Quercetin has also been promoted as being effective against a wide variety of diseases, including cancer. According to cancer.org [7]: “While some early lab results appear promising, as of yet there is no reliable clinical evidence that quercetin can prevent or treat cancer in humans.”

Quercetin Side Effects and Risks

Quercetin is generally considered safe. It may cause headache, stomach upset, [1] and tingling of the arms and legs [8]. Very high doses might cause kidney damage (reported when given intravenously) [8]. There have also been some reports of nausea when supplements were taken in high doses [7].

(Other common names: Bioflavonoid, Bioflavonoid Complex, Bioflavonoid Concentrate, Bioflavonoid Extract, 3,3′,4’5,7-Penthydroxyflavone, Quercetina, Citrus Bioflavonoid Extract, Citrus Flavones, Citrus Flavonoids, Sophoretin, Xanthaurine, Meletin, Quercetine)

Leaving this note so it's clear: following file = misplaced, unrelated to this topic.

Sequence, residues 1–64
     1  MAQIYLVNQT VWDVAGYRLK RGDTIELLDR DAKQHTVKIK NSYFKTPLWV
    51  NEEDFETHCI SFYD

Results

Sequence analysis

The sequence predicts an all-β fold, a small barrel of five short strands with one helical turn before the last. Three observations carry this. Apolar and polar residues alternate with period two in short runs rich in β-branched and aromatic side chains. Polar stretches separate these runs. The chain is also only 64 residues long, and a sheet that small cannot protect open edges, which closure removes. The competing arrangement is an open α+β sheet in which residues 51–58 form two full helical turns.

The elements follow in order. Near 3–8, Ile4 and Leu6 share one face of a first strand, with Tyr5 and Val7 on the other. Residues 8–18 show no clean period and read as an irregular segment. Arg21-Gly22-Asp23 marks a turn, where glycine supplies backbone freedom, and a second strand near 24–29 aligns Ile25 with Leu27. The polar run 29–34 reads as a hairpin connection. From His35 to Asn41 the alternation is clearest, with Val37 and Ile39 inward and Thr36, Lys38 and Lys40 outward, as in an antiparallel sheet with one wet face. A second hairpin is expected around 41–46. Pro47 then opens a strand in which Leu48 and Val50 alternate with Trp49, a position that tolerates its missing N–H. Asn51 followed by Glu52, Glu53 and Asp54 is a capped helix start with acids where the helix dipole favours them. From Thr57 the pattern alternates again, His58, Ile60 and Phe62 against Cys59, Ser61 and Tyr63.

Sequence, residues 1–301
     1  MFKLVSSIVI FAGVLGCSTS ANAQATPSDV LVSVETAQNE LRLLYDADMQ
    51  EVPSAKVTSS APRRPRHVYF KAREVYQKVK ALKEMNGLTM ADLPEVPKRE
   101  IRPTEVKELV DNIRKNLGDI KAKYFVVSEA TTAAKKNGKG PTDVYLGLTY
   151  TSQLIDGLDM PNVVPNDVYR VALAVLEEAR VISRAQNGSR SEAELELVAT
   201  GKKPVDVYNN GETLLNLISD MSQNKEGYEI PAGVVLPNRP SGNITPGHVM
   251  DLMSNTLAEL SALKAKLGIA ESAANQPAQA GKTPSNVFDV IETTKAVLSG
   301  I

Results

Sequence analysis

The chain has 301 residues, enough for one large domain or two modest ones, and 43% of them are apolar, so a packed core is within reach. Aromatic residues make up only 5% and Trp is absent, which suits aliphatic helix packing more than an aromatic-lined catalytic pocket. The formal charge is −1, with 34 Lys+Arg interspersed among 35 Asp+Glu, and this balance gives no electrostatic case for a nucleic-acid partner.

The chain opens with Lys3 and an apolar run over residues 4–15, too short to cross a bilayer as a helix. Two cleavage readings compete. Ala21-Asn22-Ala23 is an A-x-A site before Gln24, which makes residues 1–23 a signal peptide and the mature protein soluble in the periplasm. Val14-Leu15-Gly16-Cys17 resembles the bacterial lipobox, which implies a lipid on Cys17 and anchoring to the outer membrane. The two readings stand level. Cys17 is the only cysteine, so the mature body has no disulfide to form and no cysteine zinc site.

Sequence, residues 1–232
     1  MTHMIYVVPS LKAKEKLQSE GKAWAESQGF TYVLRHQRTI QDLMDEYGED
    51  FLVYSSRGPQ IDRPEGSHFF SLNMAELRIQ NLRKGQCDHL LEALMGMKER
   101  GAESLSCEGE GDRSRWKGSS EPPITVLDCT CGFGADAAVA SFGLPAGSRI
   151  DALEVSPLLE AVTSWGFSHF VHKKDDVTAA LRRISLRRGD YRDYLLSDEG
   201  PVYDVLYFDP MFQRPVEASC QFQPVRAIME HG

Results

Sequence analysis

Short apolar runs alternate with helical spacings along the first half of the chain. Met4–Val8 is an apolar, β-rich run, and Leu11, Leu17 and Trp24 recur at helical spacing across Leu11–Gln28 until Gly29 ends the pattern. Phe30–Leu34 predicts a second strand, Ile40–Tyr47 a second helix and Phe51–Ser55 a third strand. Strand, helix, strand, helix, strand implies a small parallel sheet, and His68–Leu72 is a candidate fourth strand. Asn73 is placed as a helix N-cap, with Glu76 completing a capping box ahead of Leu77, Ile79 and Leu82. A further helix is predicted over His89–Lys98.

References

  1. University of Maryland Medical Center (UMMC) – Quercetin. Retrieved from www.umm.edu at 6. May 2013
  2. Stewart, Laura K., et al. “Qurcetin transiently increases energy expenditure but persistently decreases circulating markers of inflammation in C57BL/6J mice fed a high-fat diet.” Metabolism: clinical and experimental 57.7 Suppl 1 (2008): S39.
  3. Davis, J. Mark, et al. “Quercetine increases brain and muscle mitochondrial biogenesis and exercise tolerance.” American Journal of Physiology-Regulatory, Integrative and Comparative Physiology 296.4 (2009): R1071-R1077.
  4. McAnulty, Steven R., et al. “Chronic quercetiin ingestion and exercise-induced oxidative damage and inflammation.” Applied Physiology, Nutrition, and Metabolism 33.2 (2008): 254-262.